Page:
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ByBret Victoron May 28, 2005

First of all, the book itself is incredible.

The title was poorly chosen, I think. The connotation of "hacker" in the public mind is somewhat different than the word's meaning forty years ago at MIT, and I found (and continue to find) this book shelved alongside ephemera about firewalls and internet security. Thinking it was about "1337 hacking", I picked it off the shelf for a quick sneer. Six hours later, the bookstore had to kick me out because they were closing.

Think of it as "The Art of Computer Programming, Volume 0: Bit Manipulation". Except without the annoying Knuth attitude.

"Hacker's Delight" is a timeless classic, a scholarly and exhaustive treatment of finite-word-length arithmetic and other bit-manipulation algorithms. The book is excellently written and the material lovingly presented. For some people (such as me), the mathematical beauty and cleverness of the solutions is reason enough to find the book fascinating. For other people (such as me), there are extensive practical applications.

However, the size of the latter group (or, perhaps, relative percentage) is dwindling with time. A programmer who thinks that the universe begins and ends with Oracle and PHP respectively is unlikely to need an 8-RISC-instruction algorithm for dividing integers by 7. The essence of programming is abstraction, and as computational resources become more abundant, the path of progress abstracts further and further away from the machine. For many modern programmers, there are no bits -- there are only "numbers" (double-precision floats, typically), and the hardware handles these floats just as gracefully as integers. In this world, one's complementing and shifting have no meaning.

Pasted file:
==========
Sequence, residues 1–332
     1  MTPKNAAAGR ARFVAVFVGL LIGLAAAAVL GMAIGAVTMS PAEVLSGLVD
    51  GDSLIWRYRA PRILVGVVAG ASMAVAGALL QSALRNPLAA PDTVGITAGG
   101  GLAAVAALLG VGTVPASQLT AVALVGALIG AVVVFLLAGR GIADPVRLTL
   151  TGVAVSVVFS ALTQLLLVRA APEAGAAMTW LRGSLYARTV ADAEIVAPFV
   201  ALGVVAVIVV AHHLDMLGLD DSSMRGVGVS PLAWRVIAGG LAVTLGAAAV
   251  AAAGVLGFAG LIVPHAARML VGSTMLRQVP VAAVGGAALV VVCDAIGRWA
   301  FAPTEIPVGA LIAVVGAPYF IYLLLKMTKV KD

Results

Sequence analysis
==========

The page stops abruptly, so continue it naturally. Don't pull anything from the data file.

Even for those working at a lower level, the caching and pipelining schemes of modern architectures can complicate some of the assumptions in this book. For example, branch performance is highly architecture-dependent, and the efficiency that can be gained through branch tuning can outweigh that of shaving off a few instructions. Warren is careful to provide and identify branch-free algorithms whenever possible, but it often is not. As another example, parallel instruction scheduling means that not only is a routine no longer the sum of its instructions' cycles, it's not even completely deterministic, at least from the programmer's perspective.

But I work in the embedded field, and my targets have ranged from 1 MHz 8-bit 6502s through 50 MHz 32-bit Coldfires to creatively-handicapped DSPs of various sorts. Not a FPU or branch predictor in sight. In such situations, the algorithms in "Hacker's Delight" can be lifesavers. Not to mention, so much fun! If you approach optimization as a puzzle, wherein the solution is its own reward, this book is indeed a compendium of delights.

Many descriptions of this book refer to it as a collection of programming "tricks". I dislike that word; it implies a casualness and triviality that does not befit a book of this rigor and scope. I prefer the subtitle of Johnson and Graham's text on high-speed digital design: "A Handbook of Black Magic".

If your magic dust is bits and cycles, this is your spellbook.

The title was poorly chosen, I think. The connotation of "hacker" in the public mind is somewhat different than the word's meaning forty years ago at MIT, and I found (and continue to find) this book shelved alongside ephemera about firewalls and internet security. Thinking it was about "1337 hacking", I picked it off the shelf for a quick sneer. Six hours later, the bookstore had to kick me out because they were closing.

Think of it as "The Art of Computer Programming, Volume 0: Bit Manipulation". Except without the annoying Knuth attitude.

"Hacker's Delight" is a timeless classic, a scholarly and exhaustive treatment of finite-word-length arithmetic and other bit-manipulation algorithms. The book is excellently written and the material lovingly presented. For some people (such as me), the mathematical beauty and cleverness of the solutions is reason enough to find the book fascinating. For other people (such as me), there are extensive practical applications.